Tuesday, September 23, 2014
I Now Pronounce You...
I've been blessed to be able to preach many weddings. The most recent happy occasion was last Spring Break when I performed the ceremony for Emily, one of my favorite former students, and Joey, a young man she met in college. This morning, there was a Facebook message from Emily wondering if I would write a recommendation for her- of course! I love hearing from the one time brides. The following, from April 18, 2010 is about one of those weddings.
The wedding is over! Sarah and Dennis had a wonderful and elegant affair and shall now and forever be known as Dennis and Sarah Rees. I was honored to be a part of the celebration of their love, or the officiant as the program listed me. One of my former players, Charlotte, was a bridesmaid and I had not seen her in eight years. Charlotte now teaches in Arizona in the Teach For America program and there is no doubt she is a tremendous educator. Weddings and funerals; they tend to reunite families and friends...and sometimes players and coaches, teachers and students.
This was the ninth wedding I have been involved in. There is a standard ceremony which I've written with personalization for each new bride and groom. The opening minutes are a quick overview of several Old Testament couples and Biblical thoughts on marriage. I quote from a Joni Mitchell song (The Circle Game) tied into the story of Jacob serving seven years to get his wife, Rachel, which the scriptures say flew by quickly owing to his love for her. I segue into a blended story of the couples' childhood from the perspective of their parents, followed by the courtship tale as told by the bride and groom. There are several excellent longer quotations about love and family I weave in along with a lesson from our basketball locker room. All this leads us to the vows, which were written by my grandfather, Harold Hawley, for my parents' wedding on December 25, 1949 in Nashville, Arkansas. Older people at the weddings love this part because my grandfather, a gifted orator, used very flowery and King James-like language, a vernacular seldom heard anymore. The only liberty I take is removing the eth from several words. I make the point that Grandpa must have done a great job- my parents made it almost sixty years before death separated them. Every time I use these vows, repeated by a new bride and groom, I come away with the feeling that my family is somehow honored.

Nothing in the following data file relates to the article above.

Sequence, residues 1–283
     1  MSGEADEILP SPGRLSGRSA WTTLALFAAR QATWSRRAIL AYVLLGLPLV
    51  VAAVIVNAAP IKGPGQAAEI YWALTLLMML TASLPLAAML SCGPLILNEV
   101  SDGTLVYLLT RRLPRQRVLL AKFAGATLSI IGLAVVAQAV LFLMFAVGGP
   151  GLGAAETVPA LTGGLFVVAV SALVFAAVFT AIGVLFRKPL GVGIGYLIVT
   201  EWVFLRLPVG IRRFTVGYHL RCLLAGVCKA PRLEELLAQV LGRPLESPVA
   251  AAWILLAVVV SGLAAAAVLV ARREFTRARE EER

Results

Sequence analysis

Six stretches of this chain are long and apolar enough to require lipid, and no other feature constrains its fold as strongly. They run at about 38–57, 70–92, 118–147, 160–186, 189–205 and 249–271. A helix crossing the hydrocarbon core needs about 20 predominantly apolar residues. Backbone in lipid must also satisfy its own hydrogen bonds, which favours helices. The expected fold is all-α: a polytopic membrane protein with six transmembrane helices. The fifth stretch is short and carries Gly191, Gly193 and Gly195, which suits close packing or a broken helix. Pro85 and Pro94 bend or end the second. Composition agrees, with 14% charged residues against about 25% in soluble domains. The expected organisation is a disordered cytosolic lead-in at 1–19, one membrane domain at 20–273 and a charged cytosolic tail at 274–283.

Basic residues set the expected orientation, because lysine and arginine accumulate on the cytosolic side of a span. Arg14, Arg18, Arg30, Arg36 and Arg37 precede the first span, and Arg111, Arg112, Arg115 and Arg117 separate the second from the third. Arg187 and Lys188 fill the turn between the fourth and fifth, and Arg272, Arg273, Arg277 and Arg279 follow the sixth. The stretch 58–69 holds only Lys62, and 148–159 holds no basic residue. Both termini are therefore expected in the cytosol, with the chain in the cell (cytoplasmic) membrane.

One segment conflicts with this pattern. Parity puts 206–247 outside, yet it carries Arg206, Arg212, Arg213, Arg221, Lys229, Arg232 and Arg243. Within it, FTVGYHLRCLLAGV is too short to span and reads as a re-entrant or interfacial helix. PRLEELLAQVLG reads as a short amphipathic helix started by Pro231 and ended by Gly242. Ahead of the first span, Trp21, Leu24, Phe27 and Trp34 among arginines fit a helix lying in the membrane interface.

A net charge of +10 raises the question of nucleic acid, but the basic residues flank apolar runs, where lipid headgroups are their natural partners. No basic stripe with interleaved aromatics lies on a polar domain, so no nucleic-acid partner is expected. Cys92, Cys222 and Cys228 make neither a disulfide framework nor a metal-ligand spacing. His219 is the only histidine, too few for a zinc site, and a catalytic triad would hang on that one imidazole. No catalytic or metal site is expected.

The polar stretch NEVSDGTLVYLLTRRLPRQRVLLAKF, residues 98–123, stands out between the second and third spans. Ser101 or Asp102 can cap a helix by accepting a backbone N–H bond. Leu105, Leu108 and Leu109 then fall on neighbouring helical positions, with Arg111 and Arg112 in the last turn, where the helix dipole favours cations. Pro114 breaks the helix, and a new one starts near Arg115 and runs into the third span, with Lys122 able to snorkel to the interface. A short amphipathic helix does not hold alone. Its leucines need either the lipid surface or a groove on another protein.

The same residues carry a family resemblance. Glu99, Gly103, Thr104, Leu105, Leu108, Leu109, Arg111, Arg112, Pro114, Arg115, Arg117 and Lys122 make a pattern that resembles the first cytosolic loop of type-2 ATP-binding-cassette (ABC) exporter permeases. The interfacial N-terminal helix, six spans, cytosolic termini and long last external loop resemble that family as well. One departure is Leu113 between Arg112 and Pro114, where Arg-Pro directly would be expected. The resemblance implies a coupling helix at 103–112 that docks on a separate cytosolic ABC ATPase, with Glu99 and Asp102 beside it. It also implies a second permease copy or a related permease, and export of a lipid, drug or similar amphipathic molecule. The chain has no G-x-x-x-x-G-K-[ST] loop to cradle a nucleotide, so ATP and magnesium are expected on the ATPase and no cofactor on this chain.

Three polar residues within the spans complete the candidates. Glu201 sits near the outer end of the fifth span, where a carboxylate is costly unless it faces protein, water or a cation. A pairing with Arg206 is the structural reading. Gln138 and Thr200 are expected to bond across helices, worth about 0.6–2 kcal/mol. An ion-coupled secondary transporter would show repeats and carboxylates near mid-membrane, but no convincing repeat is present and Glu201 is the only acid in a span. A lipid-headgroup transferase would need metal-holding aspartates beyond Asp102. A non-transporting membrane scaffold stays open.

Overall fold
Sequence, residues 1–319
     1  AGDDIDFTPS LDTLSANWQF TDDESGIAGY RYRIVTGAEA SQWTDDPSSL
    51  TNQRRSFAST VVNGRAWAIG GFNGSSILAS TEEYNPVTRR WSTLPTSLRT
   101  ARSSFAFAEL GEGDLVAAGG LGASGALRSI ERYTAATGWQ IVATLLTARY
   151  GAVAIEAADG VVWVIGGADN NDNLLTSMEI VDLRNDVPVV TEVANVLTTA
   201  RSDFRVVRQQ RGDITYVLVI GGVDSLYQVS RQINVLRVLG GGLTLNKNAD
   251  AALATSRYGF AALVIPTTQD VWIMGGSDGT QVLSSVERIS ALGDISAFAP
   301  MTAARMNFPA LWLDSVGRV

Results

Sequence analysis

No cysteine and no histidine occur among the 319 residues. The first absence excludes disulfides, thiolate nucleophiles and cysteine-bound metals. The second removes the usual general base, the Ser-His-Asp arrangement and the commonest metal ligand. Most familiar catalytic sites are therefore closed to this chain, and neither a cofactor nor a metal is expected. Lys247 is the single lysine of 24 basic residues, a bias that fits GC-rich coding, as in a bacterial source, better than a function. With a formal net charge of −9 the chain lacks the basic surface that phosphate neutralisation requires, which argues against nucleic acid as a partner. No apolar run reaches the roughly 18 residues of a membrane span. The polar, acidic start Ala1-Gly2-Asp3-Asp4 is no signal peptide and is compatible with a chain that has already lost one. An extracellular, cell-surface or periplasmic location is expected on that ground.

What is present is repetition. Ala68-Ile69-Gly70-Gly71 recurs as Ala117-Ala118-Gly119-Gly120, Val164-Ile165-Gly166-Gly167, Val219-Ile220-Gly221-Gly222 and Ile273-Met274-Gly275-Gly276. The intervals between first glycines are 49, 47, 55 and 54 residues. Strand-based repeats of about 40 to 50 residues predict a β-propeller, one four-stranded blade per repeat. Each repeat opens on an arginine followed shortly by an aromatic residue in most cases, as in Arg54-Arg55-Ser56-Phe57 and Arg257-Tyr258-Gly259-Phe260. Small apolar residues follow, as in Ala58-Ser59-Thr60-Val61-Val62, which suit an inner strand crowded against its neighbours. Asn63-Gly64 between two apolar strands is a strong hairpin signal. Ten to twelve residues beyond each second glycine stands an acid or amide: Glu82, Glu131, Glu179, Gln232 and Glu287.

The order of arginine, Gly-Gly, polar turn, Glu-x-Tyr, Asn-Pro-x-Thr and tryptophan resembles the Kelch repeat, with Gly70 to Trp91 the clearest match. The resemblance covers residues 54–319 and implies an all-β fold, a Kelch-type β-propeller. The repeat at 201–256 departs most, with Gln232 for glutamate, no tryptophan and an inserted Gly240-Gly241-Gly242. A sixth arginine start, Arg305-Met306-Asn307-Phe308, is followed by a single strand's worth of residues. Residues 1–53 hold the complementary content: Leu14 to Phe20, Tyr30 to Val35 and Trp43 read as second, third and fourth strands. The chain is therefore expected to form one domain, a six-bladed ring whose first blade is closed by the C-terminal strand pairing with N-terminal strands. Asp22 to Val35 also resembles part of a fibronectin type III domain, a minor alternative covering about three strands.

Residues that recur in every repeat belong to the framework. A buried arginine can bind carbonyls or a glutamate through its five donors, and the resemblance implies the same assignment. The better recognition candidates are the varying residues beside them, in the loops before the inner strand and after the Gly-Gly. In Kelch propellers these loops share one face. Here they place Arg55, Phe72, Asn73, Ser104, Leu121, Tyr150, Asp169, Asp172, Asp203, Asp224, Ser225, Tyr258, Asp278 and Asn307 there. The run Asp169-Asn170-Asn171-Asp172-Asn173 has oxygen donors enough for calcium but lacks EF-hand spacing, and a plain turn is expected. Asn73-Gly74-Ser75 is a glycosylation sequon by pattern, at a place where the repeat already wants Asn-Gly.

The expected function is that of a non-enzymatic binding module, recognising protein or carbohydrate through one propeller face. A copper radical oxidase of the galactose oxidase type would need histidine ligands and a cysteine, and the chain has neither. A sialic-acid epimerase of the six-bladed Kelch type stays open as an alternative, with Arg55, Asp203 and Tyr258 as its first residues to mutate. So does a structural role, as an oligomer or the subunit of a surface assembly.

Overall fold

My last duty at each wedding is always the same; signing the marriage license. It hit me yesterday as I sat at a desk in the manager's office at the Briscoe Manor in Richmond, Texas. Affixing my name, in both cursive and print, and listing my position as minister, I realized the responsibility I bear in these nuptials. In the next to last paragraph of the vows, I state that I am pronouncing the couple to be husband and wife by the authority of the State and the grace of God. What an obligation I have in that circumstance; to have the authority to do both the bidding of the government and the Almighty. I make note in class that nowhere in the Bible does it mention getting married in a chapel or church building. Yet, almost every one of my female students when asked say they prefer their wedding to be in a religious context. Part of it is simply tradition, I'm sure, but many truly want the blessing of the Lord when the time comes. I know that countless girls from the time they are tiny dream about their wedding and their marriage to the as yet unnamed Prince Charming. And here is what is neat for me: I get to declare the union to be official in both God's sight and in society's sight. And very humbly I can tell you, that on these nights, I feel like my grandfather.
Applicable quote of the day:
"We have the greatest pre-nuptial agreement in the world. It's called love.''
E-mail me at firstname.lastname@example.org
Posted by Steve Hawley at 8:00 PM